Air Astana is the national carrier of the Central Asian country of Kazahkstan, and currently operates a fleet of 37 aircraft to 64 destinations across the region. Their fleet make up is rather crazy, with 9 different types spread across the 37 aircraft.

Their fleet consists of:

Airbus A320-200 5
Airbus A320neo 3
Airbus A321-200 4
Airbus A321LR 1
Airbus A321neo 3
Boeing 757-200 4
Boeing 767-300ER 3
Boeing 787-8 3 on order
Embraer 190 9

 

These new aircraft will be used to expand the low-cost side of their fleet.

What do you think of this order? Let us know in the comments.

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Martin

This is an ‘interesting’ decision given that their fleet has a dominant Airbus leaning. Higher training costs and no fleet synergy. etc. One can only assume that they were made an offer they couldn’t refuse! I’m not going to Kazakhstan anytime soon 🙂

Remy

Small note: Kazakhstan is a Central Asian country and not Central European. 😉

I find it quite uncomfortable to see the words reliability and Boeing 737 MAX in the same sentence, given the two deadly crashes due to a system that was deliberately kept out of the pilots manuals.

Shapes

Like the iag letter of intent, it’s just a publicity stunt to save boing the embarrassment of being at an airshow and tumble weed blowing past their stand.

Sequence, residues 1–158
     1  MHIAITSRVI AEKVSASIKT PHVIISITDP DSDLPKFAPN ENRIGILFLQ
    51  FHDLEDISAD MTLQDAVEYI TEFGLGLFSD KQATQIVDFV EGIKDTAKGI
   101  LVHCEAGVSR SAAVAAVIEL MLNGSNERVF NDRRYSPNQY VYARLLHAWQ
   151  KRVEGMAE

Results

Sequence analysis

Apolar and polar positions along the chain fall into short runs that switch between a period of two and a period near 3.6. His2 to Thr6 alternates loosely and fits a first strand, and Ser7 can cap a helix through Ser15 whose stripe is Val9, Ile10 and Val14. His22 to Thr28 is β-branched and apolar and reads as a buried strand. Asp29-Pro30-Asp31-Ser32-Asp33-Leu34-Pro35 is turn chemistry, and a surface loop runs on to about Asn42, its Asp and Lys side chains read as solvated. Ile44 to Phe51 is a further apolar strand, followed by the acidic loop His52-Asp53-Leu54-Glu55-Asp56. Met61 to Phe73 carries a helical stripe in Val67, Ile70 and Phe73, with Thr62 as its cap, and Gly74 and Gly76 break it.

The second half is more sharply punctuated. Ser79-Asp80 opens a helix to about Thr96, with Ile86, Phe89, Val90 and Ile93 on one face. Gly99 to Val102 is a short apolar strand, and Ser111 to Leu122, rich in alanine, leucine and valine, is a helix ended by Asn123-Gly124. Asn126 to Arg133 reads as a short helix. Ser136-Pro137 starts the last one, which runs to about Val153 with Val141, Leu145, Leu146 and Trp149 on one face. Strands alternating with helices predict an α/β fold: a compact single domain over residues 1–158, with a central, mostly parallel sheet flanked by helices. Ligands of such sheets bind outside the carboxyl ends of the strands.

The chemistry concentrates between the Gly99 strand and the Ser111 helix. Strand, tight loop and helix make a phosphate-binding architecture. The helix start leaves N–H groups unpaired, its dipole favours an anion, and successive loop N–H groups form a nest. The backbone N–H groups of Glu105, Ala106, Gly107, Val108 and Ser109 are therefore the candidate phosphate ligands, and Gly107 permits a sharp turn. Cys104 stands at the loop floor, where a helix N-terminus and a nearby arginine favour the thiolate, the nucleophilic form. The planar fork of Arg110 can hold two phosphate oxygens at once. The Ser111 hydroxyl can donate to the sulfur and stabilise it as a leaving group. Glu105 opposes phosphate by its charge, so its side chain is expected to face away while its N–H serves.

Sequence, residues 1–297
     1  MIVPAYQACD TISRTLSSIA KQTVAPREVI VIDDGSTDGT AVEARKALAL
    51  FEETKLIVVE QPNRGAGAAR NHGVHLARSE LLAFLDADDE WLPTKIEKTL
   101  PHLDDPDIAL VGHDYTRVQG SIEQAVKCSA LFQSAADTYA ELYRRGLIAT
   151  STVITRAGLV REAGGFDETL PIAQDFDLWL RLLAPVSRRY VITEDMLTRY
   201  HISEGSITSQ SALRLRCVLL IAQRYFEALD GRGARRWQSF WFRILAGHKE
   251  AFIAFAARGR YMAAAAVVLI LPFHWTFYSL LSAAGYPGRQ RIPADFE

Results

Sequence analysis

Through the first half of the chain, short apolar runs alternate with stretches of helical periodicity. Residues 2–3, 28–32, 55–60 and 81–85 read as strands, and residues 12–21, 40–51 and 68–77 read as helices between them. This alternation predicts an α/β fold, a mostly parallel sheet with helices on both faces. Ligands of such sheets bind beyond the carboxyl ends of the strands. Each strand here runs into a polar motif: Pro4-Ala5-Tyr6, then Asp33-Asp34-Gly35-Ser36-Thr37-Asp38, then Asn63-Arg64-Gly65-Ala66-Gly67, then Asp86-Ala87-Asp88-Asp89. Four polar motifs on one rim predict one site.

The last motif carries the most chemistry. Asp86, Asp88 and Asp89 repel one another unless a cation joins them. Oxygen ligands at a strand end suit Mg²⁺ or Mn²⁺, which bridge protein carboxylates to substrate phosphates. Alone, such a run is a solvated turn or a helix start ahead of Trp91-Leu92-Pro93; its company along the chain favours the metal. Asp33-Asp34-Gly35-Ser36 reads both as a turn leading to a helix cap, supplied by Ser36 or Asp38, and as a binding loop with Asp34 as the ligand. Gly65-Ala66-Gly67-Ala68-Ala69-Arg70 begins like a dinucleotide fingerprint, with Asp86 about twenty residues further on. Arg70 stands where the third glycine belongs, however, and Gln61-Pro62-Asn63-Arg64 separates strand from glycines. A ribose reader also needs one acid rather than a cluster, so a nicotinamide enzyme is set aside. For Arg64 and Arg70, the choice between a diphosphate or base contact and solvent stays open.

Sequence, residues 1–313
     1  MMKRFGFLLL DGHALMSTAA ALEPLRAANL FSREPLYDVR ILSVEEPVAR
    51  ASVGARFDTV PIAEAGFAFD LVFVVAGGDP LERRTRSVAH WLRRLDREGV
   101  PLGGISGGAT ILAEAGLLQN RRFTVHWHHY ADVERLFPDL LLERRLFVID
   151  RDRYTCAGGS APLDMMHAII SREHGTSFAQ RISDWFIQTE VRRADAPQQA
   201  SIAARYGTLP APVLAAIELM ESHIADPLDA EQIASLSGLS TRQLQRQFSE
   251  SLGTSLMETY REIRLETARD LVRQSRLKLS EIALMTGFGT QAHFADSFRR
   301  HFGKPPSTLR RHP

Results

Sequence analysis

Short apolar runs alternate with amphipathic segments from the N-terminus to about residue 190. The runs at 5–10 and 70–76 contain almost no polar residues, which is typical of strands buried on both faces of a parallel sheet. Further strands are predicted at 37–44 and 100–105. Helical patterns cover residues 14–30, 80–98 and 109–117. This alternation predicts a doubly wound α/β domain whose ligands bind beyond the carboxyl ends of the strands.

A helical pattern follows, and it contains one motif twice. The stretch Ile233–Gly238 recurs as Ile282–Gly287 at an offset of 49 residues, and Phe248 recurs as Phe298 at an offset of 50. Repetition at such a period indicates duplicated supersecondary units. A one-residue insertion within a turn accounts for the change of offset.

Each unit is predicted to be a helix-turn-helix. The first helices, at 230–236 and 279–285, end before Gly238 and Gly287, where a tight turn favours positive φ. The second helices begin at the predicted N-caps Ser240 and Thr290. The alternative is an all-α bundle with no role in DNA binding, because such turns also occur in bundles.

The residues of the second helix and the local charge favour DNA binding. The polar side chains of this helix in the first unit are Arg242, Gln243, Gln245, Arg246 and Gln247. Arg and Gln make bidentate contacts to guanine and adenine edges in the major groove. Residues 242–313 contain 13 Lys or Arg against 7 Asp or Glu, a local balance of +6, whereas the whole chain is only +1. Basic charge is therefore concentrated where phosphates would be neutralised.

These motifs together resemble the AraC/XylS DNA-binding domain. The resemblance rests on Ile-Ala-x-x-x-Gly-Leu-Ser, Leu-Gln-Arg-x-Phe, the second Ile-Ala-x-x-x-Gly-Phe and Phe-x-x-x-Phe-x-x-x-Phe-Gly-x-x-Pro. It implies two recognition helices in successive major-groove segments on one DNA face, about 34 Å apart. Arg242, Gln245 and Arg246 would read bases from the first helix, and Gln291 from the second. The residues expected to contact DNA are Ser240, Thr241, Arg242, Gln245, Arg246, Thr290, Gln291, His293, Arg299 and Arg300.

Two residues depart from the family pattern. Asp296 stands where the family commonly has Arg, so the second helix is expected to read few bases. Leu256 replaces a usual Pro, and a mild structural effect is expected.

Javed

It depends on who will be using the aircraft i.e. Air Astana or FlyArystan. If its going to be latter, then their fleet is not so diverse. They only have 3 A320ceos at the moment.

Frank

“The order will be for specifically the Boeing 737 MAX 8 type, and it is believed that they did not consider any other types.” This is very telling. Once again (like the AIG order) an airline signs a non-binding LOI for the Max, without considering any other type of aircraft. How come these two airlines are not using the time honoured tradition of buyers around the world – by comparing competing products and bargaining one against the other??? All one has to do is look no further then Alan Joyce at Qantas to see the technique in full effect. Something… Read more »

Andy

Well, somebody had to…!
Come on, would you accept a car which had a documented fault and take the manufacturer’s word it wouldn’t happen again? The smart money would be to let someone else run them for a bit and see if anything happens. With all due respect to Boeing, it just wouldn’t fill me with confidence.

stogieguy7

This seems very much like buying a fleet of Ford Pintos in the 1970s. Rather economical and you got them at a good price. However, they were also full of constant mechanical issues and had a nasty tendency to explode if rear ended in the right spot.

If I ran an airline, I’d run (not walk) away from any consideration of the 737MAX. It is fundamentally flawed.

Nigel

I think as the Max get’s back in the air, we will then see just how much faith and trust the paying passenger has in this aircraft of any version. I personally will check every single flight I book, and if it’s on a max I will not travel on it. Now we have all heard how Boeing are considering a new name for the Max, well that stink’s and really does go to show that they themselves know the trust has gone, I think that the airlines that fly these will suffer, when they are half filling them at… Read more »

K.P.

Guess you will be avoiding Ryanair and those cheap fares. Funny how all the respectable airlines who does not hack maintenance logs had no problem with the MAX

Shapes

I will avoid anything that is boing, you are more than welcome to fly the max.